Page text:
And while we were watching, a Steller's Jay was looking on, too.
We took so many photos of the canyon, it's difficult to choose which ones to post without boring my readers. Here are a couple taken near sunset.
I especially love this little stone "lookout" studio built right into the cliff so you can hardly tell where the cliff ends and the house begins. It was designed by an early female architect, Mary Colter, and is now used as a gift shop and photography look out point.
The next morning, we walked partway down Bright Angel trail (the famous one used by the mules and recently used by the mules as we had to constantly watch where we stepped while also looking at the view).
Doug and I then walked the rim trail for three to four miles from Bright Angel Lodge to the Visitor Center and made a number of stops along the way.
Here's a photo of Doug taking a photo from below the Lookout Studio...
And the Hopi Indian House...
The Geology Museum...
And along the way we walked through this geology timeline and looked at examples of rocks from each of the layers.
This is a pinyon pine cone and looks like a perfect rose. If you pull the "petals" apart, you can get to the pine nuts, which are so expensive to buy in the grocery store.
I hope I'm not boring you with a couple more shots of the canyon..
The park is still very crowded with tourists, even though we're now well past the high season and are here on weekdays. We were amazed by the number of foreign tourists--many French, German, Italian, and Japanese. I'm always trying to figure out which languages I'm hearing all around me. Everyone is very friendly and patient with long lines for the shuttle buses, etc.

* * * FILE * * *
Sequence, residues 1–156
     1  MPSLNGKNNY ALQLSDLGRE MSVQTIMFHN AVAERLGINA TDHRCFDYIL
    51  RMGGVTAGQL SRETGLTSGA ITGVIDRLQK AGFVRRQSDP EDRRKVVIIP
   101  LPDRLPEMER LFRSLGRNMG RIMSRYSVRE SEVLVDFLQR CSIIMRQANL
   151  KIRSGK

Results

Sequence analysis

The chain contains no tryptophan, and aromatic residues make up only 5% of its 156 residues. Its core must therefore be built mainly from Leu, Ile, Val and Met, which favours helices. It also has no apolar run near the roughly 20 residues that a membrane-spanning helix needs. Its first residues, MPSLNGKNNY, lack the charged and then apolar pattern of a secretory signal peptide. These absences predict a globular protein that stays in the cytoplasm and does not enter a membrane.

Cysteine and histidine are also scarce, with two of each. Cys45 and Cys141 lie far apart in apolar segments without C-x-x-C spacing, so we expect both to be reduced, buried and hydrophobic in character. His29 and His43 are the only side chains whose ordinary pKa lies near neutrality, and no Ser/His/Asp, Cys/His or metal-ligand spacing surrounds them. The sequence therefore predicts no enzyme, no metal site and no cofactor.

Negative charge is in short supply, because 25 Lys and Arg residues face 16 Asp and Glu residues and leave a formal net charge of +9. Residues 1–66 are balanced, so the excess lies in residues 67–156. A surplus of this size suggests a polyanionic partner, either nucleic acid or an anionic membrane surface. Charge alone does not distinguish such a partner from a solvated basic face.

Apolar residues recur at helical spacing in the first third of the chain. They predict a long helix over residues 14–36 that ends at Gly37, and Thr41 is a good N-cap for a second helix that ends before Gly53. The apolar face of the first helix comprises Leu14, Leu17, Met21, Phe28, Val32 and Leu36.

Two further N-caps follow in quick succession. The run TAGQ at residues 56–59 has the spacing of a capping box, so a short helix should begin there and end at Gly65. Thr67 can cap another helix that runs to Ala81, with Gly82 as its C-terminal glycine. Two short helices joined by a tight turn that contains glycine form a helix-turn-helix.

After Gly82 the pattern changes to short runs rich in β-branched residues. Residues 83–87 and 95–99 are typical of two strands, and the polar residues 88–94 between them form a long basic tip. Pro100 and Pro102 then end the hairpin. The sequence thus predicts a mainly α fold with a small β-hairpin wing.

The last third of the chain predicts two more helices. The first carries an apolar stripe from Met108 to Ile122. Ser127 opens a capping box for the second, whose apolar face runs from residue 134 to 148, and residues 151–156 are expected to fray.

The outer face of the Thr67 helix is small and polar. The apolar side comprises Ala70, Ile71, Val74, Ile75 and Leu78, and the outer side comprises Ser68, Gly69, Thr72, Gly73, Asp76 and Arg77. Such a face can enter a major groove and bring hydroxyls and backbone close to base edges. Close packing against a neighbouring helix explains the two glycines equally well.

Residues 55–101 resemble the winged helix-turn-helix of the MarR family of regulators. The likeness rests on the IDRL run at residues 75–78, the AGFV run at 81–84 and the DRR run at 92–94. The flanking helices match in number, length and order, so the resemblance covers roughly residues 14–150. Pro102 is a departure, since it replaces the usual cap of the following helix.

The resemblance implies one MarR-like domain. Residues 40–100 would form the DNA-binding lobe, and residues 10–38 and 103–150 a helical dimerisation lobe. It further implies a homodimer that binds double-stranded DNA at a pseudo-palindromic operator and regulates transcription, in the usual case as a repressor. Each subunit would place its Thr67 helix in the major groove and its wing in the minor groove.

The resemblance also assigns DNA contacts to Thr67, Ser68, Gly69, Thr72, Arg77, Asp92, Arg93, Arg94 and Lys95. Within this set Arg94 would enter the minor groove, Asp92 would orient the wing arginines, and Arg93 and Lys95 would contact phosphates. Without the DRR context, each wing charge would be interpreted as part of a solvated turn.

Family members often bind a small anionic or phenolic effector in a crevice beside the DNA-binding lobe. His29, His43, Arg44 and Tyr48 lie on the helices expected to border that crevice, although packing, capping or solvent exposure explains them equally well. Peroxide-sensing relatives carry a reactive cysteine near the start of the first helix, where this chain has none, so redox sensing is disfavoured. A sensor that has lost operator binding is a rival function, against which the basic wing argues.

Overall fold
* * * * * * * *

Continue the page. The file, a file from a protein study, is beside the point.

We had our third campfire of the trip and enjoyed the warmth. Nights are cold (down to the 30s), but days warm up quickly. And at this particular campground, there were only pit toilets and a cold water spigot at least 100 yards from our campsite. Boy, do we need warm showers!
On our second full day at the Grand Canyon, we booked a mule ride along the rim. The trip down into the canyon with a night at Phantom Ranch and then the ride back up would cost over $1000 for both us--way out of our price range! The 2 1/2 hour ride along the rim was affordable, and once I was in the saddle I realized I could not have endured a 5 hour ride down and another 5 hours back up. Here the mules are awaiting their riders.
Doug rode Reba, and mine was Dubby, who turned out to be very frisky and did not give me much camera time.
Whenever we stopped for a rest, Dubby tried to eat anything in sight, including pinyon pines and even bare branches.
I have to say that the canyon looked a little deeper, a little wider, and a little more precarious from the top of a mule--but every bit as grand! Here our guide, Simon, is pointing out something. I couldn't always listen, as I was trying to keep Dubby away from her snacks.
We did learn a few facts about mules. They are bred from a male donkey and a female horse, but cannot produce offspring of their own. Males are called Jacks and females are called Jennies. Mules are better suited for these treks down into the canyon because they are stronger and more sure-footed than horses. Plus their hooves are higher and not as bothered by stones as horses would be.
Doug and I may be smiling in this photo near the end of our ride, but I can assure you I was in pain and not at all sure I could stand when I dismounted. These bones are no longer made for mule riding. And my insides took a long time to settle after 2 1/2 hours of bouncing around.
Afterwards, we did manage to walk (with several rest stops along the way) to El Tovar Hotel...
for a last night dinner. Here Doug is resting on the spacious front porch...
before we went inside for a delicious dinner...
(My butternut squash soup)
Next is our trip through Flagstaff, Oak Creek Canyon, Sedona, and south to Tucson...